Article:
China Nabs Fake Drug Ring

Police arrested 114 people in crackdown on a counterfeit drugs ring, seizing $30 million worth of fake medications and more than 65 million medicine bottles.

SHANGHAI (AP) -- Police in central China's Henan province arrested 114 people in a crackdown on a counterfeit drugs ring, seizing $30 million worth of fake medications and more than 65 million medicine bottles.

The reports Tuesday came as a top U.S. Food and Drug Administration official, Dara Corrigan, was visiting Shanghai to discuss the importance of safe drugs and China's role as a major supplier to the U.S. market.

China's increasing importance as a pharmaceuticals producer has ratcheted up concern over a slew of scandals over fake, adulterated and otherwise unsafe drugs -- especially given the thriving market in mail order medications.

With more than 80 percent of the active pharmaceutical ingredients used in the U.S. coming from overseas, and 40 percent of all finished medicines -- collaboration on safety is critical, said Corrigan, who overseas the FDA's inspections.

"It does demand we think about drug safety differently," she said.

The risks were driven home in 2008, when hundreds of people in the U.S. reported severe allergic reactions to heparin, a medicine to prevent blood clots, exported from China.

Those problems were eventually traced to contaminants in drug ingredients imported from a factory in a city west of Shanghai. After that -- and other scandals -- the FDA set up offices in China and increased inspections from only a few in 2007 to more than 80 last year.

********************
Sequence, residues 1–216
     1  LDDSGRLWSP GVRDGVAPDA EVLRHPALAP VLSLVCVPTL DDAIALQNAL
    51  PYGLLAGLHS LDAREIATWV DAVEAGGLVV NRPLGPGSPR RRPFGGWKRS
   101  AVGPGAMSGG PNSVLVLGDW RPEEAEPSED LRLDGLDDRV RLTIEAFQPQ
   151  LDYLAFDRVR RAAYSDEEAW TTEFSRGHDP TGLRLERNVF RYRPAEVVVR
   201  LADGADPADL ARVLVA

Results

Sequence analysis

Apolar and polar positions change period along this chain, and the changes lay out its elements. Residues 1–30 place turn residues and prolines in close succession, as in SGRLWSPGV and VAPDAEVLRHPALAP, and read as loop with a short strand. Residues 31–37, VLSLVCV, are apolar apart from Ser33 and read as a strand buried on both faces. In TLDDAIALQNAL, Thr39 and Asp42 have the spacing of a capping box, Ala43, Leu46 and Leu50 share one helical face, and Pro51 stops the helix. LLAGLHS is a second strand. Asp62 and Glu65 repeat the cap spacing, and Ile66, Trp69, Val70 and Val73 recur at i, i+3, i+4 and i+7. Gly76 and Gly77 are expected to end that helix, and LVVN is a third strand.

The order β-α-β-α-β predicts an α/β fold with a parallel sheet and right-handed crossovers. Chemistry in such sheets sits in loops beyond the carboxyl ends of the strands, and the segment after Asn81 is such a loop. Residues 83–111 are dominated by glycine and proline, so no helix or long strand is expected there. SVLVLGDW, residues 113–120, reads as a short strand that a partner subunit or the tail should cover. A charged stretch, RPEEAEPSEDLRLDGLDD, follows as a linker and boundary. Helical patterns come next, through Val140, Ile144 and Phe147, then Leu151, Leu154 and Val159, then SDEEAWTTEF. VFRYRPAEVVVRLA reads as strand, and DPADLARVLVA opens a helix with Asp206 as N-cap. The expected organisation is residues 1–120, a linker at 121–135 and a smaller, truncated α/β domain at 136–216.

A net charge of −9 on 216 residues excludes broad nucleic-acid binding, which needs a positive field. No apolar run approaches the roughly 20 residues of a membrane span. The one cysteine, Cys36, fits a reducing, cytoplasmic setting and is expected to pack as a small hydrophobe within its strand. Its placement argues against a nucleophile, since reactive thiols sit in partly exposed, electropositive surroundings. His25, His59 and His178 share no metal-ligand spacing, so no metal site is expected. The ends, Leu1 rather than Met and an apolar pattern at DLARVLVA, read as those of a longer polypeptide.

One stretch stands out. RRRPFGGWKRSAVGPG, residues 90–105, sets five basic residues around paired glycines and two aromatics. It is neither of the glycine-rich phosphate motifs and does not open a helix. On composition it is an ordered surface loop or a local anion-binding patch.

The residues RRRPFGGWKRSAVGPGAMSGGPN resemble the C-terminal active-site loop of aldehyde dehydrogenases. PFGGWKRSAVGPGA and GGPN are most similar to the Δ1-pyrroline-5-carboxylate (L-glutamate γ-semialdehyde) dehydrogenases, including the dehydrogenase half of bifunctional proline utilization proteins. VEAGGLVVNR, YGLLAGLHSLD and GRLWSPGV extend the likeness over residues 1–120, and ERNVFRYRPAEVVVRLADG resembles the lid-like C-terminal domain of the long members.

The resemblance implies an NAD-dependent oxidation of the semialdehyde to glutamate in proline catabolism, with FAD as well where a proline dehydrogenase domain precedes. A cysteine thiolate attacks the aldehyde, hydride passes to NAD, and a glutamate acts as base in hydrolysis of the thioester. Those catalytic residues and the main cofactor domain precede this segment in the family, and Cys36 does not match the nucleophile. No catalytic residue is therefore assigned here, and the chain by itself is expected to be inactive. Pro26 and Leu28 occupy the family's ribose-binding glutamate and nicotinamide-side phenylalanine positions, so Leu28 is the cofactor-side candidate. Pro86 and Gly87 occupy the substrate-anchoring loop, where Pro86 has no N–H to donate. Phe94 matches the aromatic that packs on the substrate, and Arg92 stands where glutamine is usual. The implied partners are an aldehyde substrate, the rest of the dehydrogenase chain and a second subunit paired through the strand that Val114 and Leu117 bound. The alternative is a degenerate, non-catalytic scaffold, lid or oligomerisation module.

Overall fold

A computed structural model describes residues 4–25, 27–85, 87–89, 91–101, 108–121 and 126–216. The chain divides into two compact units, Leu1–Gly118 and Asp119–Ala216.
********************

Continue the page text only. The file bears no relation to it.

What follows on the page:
"Nobody wants heparin to happen again," said Corrigan. But she said she believes the risks from that particular drug have been fully addressed. "We do believe the heparin supply is safe."

One major area of concern is mail order drugs and online pharmacies.

The FDA has met with representatives of shipping companies in hopes of coming up with new strategies to help reduce risks from such purchases.

"It's not just drugs but dietary products that can have all sorts of things in them," she said. "Limiting risk in that area is a big challenge."

The FDA's country director in China, Christopher Hickey, praised China's efforts to improve its own food and drug safety enforcement, saying he's "seen real progress."

China is battling problems with online sales of fake drugs itself, sometimes via fraudulent websites that use names of reputable pharmaceutical companies but of course not their products.

The authorities have announced several major crackdowns this year in various areas, including Henan, a relatively poor province. The action reported Tuesday, in the Henan city of Kaifeng, involved raids of 117 fake drug production and sales locations, state media reported.